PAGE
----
Yesterday I received a link to this interesting article by Hannah Norton “How to spot an office psychopath”. The article argued that there are certain personalities who deliberately inflict harm to others and that these personalities fall within a category that psychologists call the ‘Dark Triad’ which comprises three sub-personalities: Machiavellianism, sub-clinical narcissism and sub-clinical psychopathy. There is a strong correlation between psychopathy and bullying behaviour and unfortunately while Psychometric testing is commonly used by companies at the recruitment very few if any test for the Dark Triad. The article then says that common signs of the corporate psychopath include superficial charm, a grandiose notion of self-worth, the need for stimulation and impulsiveness, pathological lying, the ability to manipulate others and a lack of remorse and empathy. This is all true but recognising these traits during a behavioural interview is very difficult, and once you have hired the corporate psychopath it is too late.
There is one profiling methodology that does include corporate psychopaths and that is the 7MF/Humm-Wadsworth. Here are some clues during the recruitment phase that might prove useful. First you should check out the LinkedIn profile for frequent job changes and few if any recommendations from senior executives. Corporate psychopaths create very good initial impression but subsequently their peers become intolerant of their workplace habits. In particular, people dislike their taking credit for the ideas of others; and putting the blame for mistakes they have made onto someone else, typically an underling. Corporate psychopaths are very good at sensing this antipathy, and so change jobs frequently; often leveraging themselves into a higher position. The other useful clue is what the person puts down about his or her education. School and university ultimately judge their students on their academic results, which for most of us means work. Psychopaths are inherently lazy, and their charm and people skills are of little help in the examination room. Most people elaborate on their education, specifying dates, subjects done, awards and extracurricular activities. The education section of a resume is something which is very easy for an employer to verify. If there have been issues, and with psychopaths there generally are, the education entry will often be pithily short.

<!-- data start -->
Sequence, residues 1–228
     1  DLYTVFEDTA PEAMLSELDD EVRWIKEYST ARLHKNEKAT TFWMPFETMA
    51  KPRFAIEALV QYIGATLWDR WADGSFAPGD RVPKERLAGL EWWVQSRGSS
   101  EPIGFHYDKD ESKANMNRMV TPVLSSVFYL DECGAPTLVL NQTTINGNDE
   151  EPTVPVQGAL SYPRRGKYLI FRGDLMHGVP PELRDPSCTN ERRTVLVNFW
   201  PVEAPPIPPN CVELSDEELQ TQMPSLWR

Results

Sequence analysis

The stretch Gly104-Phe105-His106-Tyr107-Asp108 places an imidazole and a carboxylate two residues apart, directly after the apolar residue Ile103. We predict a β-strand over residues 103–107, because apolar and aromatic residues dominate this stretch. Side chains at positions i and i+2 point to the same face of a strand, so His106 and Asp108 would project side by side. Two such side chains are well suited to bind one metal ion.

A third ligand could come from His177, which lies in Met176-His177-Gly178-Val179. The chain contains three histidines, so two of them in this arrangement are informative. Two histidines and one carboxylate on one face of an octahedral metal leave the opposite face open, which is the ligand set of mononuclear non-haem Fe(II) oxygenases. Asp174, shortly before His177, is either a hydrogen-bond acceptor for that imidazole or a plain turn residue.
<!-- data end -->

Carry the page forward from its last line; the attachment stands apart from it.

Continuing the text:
During the interview you first check out their dress. Red and gold are the two give away colours. So if you meet someone wearing a bright red tie, a gold Rolex, and a gold bracelet on the other wrist become suspicious. If you meet a female executive in a red suit, gold handbag, and gold shoes, and wearing a lot of gold accessories lift your level of watchfulness. Search Google Images for Donald Trump and in most of them he is wearing a red tie.
During the interview corporate psychopaths will be charming, but two things give them away. They will soon drop names by asking if you know some important person and implicitly showing they associate with winners. Also, corporate psychopaths are driven by the desire for material success so they will talk about recent gambling wins or money made in on the stock market. Their interests outside of work either include gambling interests such as horse racing or expensive “winner” sports like sailing or skiing.
While clinical psychopaths are estimated to comprise 1% of the population, for corporate psychopaths the number has been set around 3% of the workplace. However there are probably another 12-15% of the workforce with psychopathic tendencies. We all have a little psychopath inside us.
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